Walking into any home today and you’ll easily count more than ten things that are in different rooms and all connect to the home network. From connected light bulbs to the doorbell, we’re adding more and more devices to our wireless network. We’re also adding them in places where we traditionally wouldn’t be using our laptops or gaming consoles aka devices before the smart home.

The Netgear Arlo is a great example of a device we didnt plan for when originally installing our home router

Take our home for example, the home router is located at one end of the house, the Foxtel is near that, as is the TV, game console and where we normally sit to use our computers. Never a problem with Wi-Fi range. We did however recently add Philips Hue globes into our bedside lamps and they are at the other end of the house.

Siri… please turn the lights off…. please.

When you go to bed at night the last thing you want to deal with is a lamp that won’t turn off. Sometimes closing the bedroom door is enough to hinder the wifi to that room and as a result the lights are left on and unable to work. For the same reason, a security camera at the front or back of the house could be out of range and look good as a deterrent but actually not able to record the crook breaking into your home. We also had a Chromecast in the bedroom which would be patchy or have long long buffering periods when in use.

Enter the Wi-Fi range extenders. These are products which need to be in range of your existing Wi-Fi and will then balloon it out again from it’s location. Think of two circles overlapping slightly and that’s what the Wi-Fi range map would look like when in use.

The issue with Wi-Fi range extenders of the past was that it would create it’s own network, so if you main network name was EFTM, it would be EFTM-ext. So you would need to make sure you are connected to one or the other, and in the world of smart things, you’d need to consciously make that decision so they work best.

The latest from Netgear known as the X4S, solves a couple of issues in our household. Firstly, we can control our growing list of smart accessories in the home with a wider range now. Secondly, we can also do it without thinking about which Wi-Fi network we connect the device to. They are one and the same, it is a single network powered by multiple devices to control the many. Similar to a restaurant serving out of one kitchen with many Chefs, we don’t care who is preparing the meal as long as it gets here!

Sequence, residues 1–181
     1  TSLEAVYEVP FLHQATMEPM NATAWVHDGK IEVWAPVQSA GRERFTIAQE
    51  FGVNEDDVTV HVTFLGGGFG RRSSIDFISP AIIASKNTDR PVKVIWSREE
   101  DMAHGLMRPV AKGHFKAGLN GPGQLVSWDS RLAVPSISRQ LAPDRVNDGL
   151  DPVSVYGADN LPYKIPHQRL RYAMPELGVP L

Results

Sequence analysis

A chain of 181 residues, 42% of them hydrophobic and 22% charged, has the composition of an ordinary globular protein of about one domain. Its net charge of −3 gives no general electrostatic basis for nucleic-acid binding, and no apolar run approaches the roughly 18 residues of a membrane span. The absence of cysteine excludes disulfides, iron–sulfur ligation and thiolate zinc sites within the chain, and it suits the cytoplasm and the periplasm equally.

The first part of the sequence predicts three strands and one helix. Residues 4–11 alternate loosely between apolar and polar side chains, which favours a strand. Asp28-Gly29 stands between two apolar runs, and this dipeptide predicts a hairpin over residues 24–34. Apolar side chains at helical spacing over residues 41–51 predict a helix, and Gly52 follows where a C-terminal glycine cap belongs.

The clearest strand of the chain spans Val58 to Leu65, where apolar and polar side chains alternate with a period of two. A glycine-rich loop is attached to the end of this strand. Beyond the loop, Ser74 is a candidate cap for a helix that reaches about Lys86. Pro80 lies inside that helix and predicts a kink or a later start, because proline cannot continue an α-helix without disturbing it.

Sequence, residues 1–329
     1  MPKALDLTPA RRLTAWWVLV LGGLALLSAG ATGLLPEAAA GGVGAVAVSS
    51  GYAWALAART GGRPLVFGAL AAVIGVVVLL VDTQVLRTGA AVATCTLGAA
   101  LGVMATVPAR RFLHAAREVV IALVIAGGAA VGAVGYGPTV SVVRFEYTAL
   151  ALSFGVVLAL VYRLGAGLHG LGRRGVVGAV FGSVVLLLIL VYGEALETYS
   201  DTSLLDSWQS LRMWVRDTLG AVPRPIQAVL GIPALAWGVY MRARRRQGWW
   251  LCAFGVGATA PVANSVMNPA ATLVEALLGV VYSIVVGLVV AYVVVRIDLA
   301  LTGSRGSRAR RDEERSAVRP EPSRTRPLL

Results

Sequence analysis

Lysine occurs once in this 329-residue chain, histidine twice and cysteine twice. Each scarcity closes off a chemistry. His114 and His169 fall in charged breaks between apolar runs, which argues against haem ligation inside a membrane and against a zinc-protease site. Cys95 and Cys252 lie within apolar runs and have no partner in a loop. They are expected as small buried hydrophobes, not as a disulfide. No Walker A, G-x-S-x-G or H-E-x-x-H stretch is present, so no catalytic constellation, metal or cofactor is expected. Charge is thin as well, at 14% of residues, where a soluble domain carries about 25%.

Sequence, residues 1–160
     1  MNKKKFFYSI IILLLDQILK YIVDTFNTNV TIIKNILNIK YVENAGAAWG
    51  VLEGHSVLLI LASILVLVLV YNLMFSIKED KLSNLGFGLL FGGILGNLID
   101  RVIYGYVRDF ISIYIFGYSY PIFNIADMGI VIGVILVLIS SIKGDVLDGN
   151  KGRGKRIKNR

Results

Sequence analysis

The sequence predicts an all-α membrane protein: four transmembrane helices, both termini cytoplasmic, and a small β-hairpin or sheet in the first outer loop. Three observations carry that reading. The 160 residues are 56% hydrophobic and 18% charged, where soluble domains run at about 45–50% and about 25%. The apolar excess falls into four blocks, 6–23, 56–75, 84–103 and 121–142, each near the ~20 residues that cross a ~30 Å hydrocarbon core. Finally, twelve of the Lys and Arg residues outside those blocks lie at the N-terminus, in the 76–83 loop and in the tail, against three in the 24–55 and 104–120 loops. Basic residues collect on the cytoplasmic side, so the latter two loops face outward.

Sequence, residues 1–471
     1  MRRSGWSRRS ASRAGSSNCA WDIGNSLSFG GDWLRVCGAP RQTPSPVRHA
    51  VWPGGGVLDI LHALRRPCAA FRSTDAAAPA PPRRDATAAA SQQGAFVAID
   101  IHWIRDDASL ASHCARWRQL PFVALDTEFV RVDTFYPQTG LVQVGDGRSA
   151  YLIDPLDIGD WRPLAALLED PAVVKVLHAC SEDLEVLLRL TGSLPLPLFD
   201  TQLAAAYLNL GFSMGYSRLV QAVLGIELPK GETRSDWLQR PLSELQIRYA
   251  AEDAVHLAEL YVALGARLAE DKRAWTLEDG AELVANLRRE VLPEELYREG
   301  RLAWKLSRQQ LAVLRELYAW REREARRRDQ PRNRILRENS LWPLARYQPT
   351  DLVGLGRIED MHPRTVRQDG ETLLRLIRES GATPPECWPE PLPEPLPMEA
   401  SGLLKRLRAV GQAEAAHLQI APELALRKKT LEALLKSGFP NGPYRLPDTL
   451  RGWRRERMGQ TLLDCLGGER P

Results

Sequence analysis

This is captured from the configuration page of the X4S, a helpful place to further improve performance

In a world where the NBN receives a lot of attention when it comes to the internet in our homes, we need to make sure we blame the right thing when our connection isn’t working, and for many of us – it is the internal network that since the days of originally buying a router we simple forgot about.

Setting up the Netgear X4S was what made us want to publish this review so quickly. It will take you longer to read this article than it will to setup the device, including the unboxing.

You’ll need to use your smartphone or laptop to assess your home network, don’t try and setup the extender in the poor bedroom, put it in the one that at least receives two bars. You want the product to be able to hold onto the existing network and rebroadcast at the same time. If you put it into the room where the connectivity is poor you’re not going to have a good experience.

Finding a powerpoint for the product might have been my biggest challenge, it’s a large-ish device which means it sits fine in a double power point but not very well on a power board. Plugging it in and waiting a minute for it to turn on gives you some time to read what else is happening on EFTM. After a minute or two you press the WPS button on the X4S, walk over to your home router and do the same. Wait a few more minutes and you’re done.

Walk into that room with the poor Wi-Fi connection and comment here about how it is now… full bars I assume. Now, with us we did dig into the settings to see if we could tweak the product a little, we did, we setup the X4S to rebroadcast the 2.4GHz and 5GHz bands, ran a firmware update, and followed some config advice on the settings of our router to improve the performance. We also appreciated the ability to turn off the LEDs on the X4S if it were in a room where it could bother someone.

We genuinely wish we could write more about it but sometimes a simple product only needs a few words, it just works.

The Netgear X4S range extender will be available from February 7th for $279 RRP.